There are a few pantry staples I take for granted: baking soda, molasses and vanilla extract. The containers are so large, I just assume I have some on hand. But, sometimes someone uses up the last few drops of vanilla without putting it on the shopping list, and my pantry shelves lay bare when I’m in the middle of mixing up a batch of cookies. Don’t make an emergency run to the store! You can create a vanilla substitute with ingredients you already have on hand.
My go-to substitute for vanilla extract is maple syrup. It has the same sweet aroma, and it does a pretty good job of mimicking vanilla’s slightly smoky flavor. Use the same amount of maple syrup as you would vanilla, and you’ll barely notice the difference. (This is why vanilla is so expensive.)
Almond extract is significantly more potent than vanilla, but it will provide a similar flavor profile if you use it sparingly. You’ll only need to use half the amount of almond extract, and you might be surprised at how much you like its nutty flavor in your favorite vanilla recipes.
Bourbon, Brandy or Rum
Believe it or not, there is alcohol in vanilla (here’s how much). To make the extract, vanilla beans are soaked in alcohol to extract its enticing flavor and aroma. Swapping in the same amount of a flavorful spirit makes a fantastic substitute if you’re not trying to avoid alcohol.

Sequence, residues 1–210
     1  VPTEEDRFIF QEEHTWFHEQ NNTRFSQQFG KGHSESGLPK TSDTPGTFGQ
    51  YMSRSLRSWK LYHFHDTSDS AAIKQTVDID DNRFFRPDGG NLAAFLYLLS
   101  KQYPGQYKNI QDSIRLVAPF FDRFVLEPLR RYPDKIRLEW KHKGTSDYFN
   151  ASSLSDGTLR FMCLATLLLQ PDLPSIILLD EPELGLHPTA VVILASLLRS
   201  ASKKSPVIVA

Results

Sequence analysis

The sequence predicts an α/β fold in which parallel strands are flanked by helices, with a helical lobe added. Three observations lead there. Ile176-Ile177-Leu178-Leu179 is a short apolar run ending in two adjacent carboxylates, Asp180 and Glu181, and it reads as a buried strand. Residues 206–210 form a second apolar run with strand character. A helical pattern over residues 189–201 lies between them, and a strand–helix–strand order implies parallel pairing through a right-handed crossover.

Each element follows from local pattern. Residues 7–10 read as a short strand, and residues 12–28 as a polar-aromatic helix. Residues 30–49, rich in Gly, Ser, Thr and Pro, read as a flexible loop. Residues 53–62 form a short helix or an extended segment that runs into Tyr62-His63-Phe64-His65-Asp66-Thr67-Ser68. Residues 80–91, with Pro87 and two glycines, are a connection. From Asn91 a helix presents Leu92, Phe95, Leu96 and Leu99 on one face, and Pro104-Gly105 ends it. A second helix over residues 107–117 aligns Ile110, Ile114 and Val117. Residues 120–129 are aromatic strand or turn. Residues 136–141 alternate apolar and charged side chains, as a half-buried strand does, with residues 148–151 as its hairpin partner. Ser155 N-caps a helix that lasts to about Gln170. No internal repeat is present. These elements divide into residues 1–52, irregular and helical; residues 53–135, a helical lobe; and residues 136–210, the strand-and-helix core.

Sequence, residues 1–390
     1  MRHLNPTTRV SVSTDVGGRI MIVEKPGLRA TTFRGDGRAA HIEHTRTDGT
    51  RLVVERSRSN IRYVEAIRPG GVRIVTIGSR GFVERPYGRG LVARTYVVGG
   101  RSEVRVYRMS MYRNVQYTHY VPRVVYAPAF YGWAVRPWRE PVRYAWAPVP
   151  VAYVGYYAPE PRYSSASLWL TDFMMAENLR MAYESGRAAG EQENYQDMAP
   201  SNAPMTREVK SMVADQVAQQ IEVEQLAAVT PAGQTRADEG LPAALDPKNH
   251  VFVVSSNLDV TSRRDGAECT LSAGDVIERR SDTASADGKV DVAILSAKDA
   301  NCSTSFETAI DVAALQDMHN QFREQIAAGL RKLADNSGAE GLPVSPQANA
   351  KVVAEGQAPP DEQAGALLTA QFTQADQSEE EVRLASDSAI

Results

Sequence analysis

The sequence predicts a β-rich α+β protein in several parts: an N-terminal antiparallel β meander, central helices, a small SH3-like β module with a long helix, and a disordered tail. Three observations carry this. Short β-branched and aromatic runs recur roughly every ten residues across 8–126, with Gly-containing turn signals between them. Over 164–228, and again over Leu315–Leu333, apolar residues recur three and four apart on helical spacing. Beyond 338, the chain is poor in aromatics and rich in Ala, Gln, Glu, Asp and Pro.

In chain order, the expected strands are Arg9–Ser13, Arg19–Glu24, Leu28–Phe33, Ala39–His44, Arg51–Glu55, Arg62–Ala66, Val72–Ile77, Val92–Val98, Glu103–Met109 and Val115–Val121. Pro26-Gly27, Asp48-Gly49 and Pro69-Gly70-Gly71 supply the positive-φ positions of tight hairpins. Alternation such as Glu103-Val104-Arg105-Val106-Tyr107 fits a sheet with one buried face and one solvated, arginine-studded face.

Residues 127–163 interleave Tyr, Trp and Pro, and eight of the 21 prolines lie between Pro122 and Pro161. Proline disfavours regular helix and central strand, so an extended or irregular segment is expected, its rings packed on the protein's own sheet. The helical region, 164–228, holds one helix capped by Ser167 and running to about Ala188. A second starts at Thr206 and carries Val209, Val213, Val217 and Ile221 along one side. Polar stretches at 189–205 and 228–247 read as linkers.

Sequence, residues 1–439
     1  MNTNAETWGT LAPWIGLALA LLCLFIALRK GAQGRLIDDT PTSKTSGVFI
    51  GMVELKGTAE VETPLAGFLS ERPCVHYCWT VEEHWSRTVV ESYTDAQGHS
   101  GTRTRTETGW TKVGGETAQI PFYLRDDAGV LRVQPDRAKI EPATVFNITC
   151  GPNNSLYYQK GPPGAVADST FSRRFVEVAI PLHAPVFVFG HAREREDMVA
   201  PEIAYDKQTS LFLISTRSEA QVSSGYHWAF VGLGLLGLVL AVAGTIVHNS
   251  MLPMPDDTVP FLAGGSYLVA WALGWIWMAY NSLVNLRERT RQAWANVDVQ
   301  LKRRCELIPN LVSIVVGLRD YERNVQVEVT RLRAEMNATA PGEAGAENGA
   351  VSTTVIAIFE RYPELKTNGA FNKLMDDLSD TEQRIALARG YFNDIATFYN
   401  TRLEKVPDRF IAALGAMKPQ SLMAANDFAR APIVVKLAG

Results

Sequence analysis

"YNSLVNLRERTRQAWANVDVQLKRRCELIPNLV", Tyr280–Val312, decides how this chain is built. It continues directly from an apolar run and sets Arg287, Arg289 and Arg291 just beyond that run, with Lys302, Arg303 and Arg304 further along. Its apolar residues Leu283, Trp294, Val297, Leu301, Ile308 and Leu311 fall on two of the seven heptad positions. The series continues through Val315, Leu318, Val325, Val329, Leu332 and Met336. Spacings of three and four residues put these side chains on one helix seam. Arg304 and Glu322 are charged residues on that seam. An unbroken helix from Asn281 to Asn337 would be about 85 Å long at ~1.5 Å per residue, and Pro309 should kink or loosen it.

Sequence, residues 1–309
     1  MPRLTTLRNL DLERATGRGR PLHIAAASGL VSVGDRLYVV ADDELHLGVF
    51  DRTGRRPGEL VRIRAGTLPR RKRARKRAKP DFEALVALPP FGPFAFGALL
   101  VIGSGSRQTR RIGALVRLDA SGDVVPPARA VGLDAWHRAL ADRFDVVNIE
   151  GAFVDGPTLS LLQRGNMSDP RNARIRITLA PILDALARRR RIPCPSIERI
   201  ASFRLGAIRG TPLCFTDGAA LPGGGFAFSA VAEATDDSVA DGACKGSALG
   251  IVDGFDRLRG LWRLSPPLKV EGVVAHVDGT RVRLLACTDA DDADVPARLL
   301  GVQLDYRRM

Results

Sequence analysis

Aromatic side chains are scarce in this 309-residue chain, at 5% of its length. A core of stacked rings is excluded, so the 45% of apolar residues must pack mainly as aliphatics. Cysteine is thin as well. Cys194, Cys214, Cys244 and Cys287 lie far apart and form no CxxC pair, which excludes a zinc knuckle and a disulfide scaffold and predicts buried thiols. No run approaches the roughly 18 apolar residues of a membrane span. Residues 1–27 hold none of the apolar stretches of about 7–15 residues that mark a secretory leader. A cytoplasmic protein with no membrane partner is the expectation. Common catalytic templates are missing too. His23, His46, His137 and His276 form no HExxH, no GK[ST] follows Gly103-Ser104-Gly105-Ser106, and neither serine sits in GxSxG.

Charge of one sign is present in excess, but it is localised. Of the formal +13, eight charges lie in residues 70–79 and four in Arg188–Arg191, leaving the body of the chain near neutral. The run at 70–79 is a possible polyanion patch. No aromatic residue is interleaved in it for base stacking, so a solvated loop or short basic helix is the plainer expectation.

If vanilla isn’t the star of your recipe, it’s likely added to create depth of flavor. Try swapping in another spice, like cinnamon, cardamom or nutmeg. These spices can be strong, so we recommend starting with a pinch.
Instant Coffee or Espresso Powder
You won’t miss the flavor of vanilla in rich, chocolaty treats if you add coffee or espresso powder instead. You won’t need to add much; a pinch of espresso powder goes a long way.
Zesting a lime, lemon or orange is a great way to add a burst of fresh flavor to your favorite baked goods. The juice is too acidic, but the zest is super flavorful and it won’t water down your dough, either.